The People's Seminary is up and running as an ecumenical learning center where people from the mainstream and the edges meet for scripture study and theological reflection in preparation for service, ministry, and social transformation. Scholars and leaders from all over the world come to teach here—with farm workers, ex-offenders, and people who serve at the margins.

Tierra Nueva now includes eight full-time staff, 17 half-time Honduran workers, and many volunteers who operate the Skagit County jail ministry, a family support center, Camino de Emmaus-Road to Emmaus (a bilingual faith community), The People's Seminary, and the original community at Tierra Nueva in Honduras.

IN JULY 2002, Gracie and I, with our children, moved out of Burlington to the New Earth Refuge. Now a healthy 20 minutes away from Tierra Nueva and The People's Seminary (instead of three blocks), we are coexisting with raccoons, beaver, river otter, coyotes, deer, hawks, eagles, and numerous migratory bird species. In addition we are raising eight sheep, a llama, a dog, two rabbits, a rat, and a guinea pig.

Since this is our home, our first commitment is to learn to live out spiritual practices that sustain us for life and ministry as both individuals and a family. We are committed to watchfulness, which includes daily prayer and scripture reading—morning, noon, and night when possible—regular walks, and Sunday worship. We also intend to offer hospitality to friends, families, and people visiting Tierra Nueva or taking courses at The People's Seminary. Seeing the beauty requires cultivating watchfulness and prayer—precursors to contemplation. I am convinced that we all need sanctuaries so we cannot only survive but flourish in the struggle for life and liberation.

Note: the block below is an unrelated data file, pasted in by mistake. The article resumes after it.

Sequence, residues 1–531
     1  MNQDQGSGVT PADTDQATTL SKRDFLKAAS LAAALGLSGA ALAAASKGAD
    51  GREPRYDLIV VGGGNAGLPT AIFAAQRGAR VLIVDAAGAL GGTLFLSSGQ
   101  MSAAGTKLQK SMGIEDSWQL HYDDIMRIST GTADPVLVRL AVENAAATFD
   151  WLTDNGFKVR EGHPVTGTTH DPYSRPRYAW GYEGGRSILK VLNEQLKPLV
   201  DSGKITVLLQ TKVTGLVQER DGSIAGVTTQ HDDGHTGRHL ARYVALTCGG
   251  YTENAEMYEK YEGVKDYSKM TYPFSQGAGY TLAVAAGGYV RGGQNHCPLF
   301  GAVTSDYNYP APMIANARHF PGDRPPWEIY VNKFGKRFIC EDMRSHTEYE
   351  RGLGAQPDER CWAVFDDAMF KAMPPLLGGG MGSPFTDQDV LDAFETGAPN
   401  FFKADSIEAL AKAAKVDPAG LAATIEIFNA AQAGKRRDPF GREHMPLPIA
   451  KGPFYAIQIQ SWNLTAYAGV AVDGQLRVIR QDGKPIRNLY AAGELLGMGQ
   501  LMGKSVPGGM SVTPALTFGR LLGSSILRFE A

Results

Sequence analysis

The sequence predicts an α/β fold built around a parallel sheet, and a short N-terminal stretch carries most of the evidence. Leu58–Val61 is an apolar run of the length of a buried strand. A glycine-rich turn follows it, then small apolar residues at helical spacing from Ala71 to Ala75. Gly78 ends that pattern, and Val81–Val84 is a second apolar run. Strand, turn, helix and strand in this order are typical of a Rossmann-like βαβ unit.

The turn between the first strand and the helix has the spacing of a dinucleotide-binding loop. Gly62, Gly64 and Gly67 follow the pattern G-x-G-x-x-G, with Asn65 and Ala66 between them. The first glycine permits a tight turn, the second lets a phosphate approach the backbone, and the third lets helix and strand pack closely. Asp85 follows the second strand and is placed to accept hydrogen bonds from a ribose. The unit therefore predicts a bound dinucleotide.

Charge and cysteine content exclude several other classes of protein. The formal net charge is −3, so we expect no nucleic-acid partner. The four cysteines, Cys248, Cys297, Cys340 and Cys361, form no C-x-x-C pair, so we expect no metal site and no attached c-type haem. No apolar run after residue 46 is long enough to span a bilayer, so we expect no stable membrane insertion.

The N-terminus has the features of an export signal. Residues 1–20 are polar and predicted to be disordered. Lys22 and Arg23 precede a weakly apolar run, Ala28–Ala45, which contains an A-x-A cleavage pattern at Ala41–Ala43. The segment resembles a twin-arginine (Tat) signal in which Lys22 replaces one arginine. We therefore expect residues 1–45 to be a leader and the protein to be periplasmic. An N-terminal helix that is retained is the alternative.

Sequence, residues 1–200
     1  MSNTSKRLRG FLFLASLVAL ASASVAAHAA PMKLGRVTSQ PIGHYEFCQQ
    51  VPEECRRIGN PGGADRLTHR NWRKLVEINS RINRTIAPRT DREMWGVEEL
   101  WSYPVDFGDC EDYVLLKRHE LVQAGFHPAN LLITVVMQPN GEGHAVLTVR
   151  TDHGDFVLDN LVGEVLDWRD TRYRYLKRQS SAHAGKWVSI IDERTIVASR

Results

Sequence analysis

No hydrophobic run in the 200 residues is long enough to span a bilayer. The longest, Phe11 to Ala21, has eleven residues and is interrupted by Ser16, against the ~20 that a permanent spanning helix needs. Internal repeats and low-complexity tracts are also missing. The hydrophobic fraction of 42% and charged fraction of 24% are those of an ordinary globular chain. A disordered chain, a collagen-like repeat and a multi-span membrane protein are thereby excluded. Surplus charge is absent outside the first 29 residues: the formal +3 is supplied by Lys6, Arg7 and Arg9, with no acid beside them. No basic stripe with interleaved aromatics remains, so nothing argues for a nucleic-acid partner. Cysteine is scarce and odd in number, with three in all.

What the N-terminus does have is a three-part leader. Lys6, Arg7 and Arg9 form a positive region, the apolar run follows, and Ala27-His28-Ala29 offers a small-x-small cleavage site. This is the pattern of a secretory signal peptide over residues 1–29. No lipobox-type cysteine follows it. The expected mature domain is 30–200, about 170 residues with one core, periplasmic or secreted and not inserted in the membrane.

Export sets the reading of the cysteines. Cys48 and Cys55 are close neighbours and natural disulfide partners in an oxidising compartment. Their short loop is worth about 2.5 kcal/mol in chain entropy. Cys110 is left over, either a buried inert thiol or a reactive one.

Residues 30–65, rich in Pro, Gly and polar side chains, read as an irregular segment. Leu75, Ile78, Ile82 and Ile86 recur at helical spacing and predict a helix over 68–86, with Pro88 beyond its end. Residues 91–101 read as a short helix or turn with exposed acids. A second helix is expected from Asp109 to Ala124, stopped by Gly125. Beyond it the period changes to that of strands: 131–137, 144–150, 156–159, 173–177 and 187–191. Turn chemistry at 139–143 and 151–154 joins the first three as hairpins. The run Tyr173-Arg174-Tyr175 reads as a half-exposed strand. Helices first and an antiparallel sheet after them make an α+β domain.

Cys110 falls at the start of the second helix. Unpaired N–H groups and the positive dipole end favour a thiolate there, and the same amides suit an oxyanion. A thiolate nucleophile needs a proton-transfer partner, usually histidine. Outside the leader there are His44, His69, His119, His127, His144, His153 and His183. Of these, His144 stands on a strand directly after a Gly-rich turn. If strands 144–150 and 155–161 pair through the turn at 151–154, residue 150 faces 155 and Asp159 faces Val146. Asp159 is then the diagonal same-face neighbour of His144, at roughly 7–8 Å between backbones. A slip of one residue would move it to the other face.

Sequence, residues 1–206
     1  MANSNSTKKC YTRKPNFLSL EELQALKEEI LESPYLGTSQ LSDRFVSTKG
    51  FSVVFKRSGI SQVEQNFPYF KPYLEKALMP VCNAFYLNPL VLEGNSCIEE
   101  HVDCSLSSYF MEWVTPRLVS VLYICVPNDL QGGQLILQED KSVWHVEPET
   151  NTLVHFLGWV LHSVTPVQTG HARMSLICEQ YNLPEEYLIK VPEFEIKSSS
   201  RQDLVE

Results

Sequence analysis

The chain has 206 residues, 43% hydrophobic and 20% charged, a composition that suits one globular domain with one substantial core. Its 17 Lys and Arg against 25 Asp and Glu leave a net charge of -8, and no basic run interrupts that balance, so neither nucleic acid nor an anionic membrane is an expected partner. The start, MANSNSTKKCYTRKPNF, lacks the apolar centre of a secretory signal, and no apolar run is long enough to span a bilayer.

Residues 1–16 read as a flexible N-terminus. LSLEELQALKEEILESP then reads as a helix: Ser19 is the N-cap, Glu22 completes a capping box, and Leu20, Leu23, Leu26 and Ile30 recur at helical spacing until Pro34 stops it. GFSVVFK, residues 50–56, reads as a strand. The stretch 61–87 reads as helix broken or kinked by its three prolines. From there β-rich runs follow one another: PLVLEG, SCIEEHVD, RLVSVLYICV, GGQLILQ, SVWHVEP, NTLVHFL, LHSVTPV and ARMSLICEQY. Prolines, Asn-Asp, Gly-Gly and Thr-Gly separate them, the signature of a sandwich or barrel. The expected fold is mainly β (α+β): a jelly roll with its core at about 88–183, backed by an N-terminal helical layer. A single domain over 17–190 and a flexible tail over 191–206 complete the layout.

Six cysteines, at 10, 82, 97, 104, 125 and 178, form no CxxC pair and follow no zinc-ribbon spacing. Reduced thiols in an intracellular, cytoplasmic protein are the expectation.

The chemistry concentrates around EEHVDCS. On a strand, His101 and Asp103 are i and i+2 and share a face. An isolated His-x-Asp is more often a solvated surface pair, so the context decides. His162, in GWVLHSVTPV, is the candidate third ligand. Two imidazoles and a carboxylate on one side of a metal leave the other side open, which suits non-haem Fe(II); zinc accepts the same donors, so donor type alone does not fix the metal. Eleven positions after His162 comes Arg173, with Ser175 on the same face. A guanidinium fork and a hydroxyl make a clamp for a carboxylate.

Snow geese are flying low over our land today—free over this acreage from the danger of hunters. Last night's Bible study in the jail was on Jesus as our "coyote"—who brings us into the Reign of God, into the Garden, the New Earth, against the law, free of charge. There is good news to be discovered and new life to be protected from the hunters, whether they are law-enforcers, addictions, or other forces that oppress. Living a sustainable life in these dark times demands constant watching, praying, and delight. Without times of retreat and fellowship, all people, including those seeking to serve in the mainstream or at the margins will become endangered species. Yet with or without a riverfront paradise, we affirm with the psalmist: "God is a refuge for us" (Psalm 62:8).

Bob Ekblad was a Presbyterian pastor and executive director of Tierra Nueva and The People's Seminary when this article appeared. For more information see www.peoplesseminary.org or call (360) 755-9182.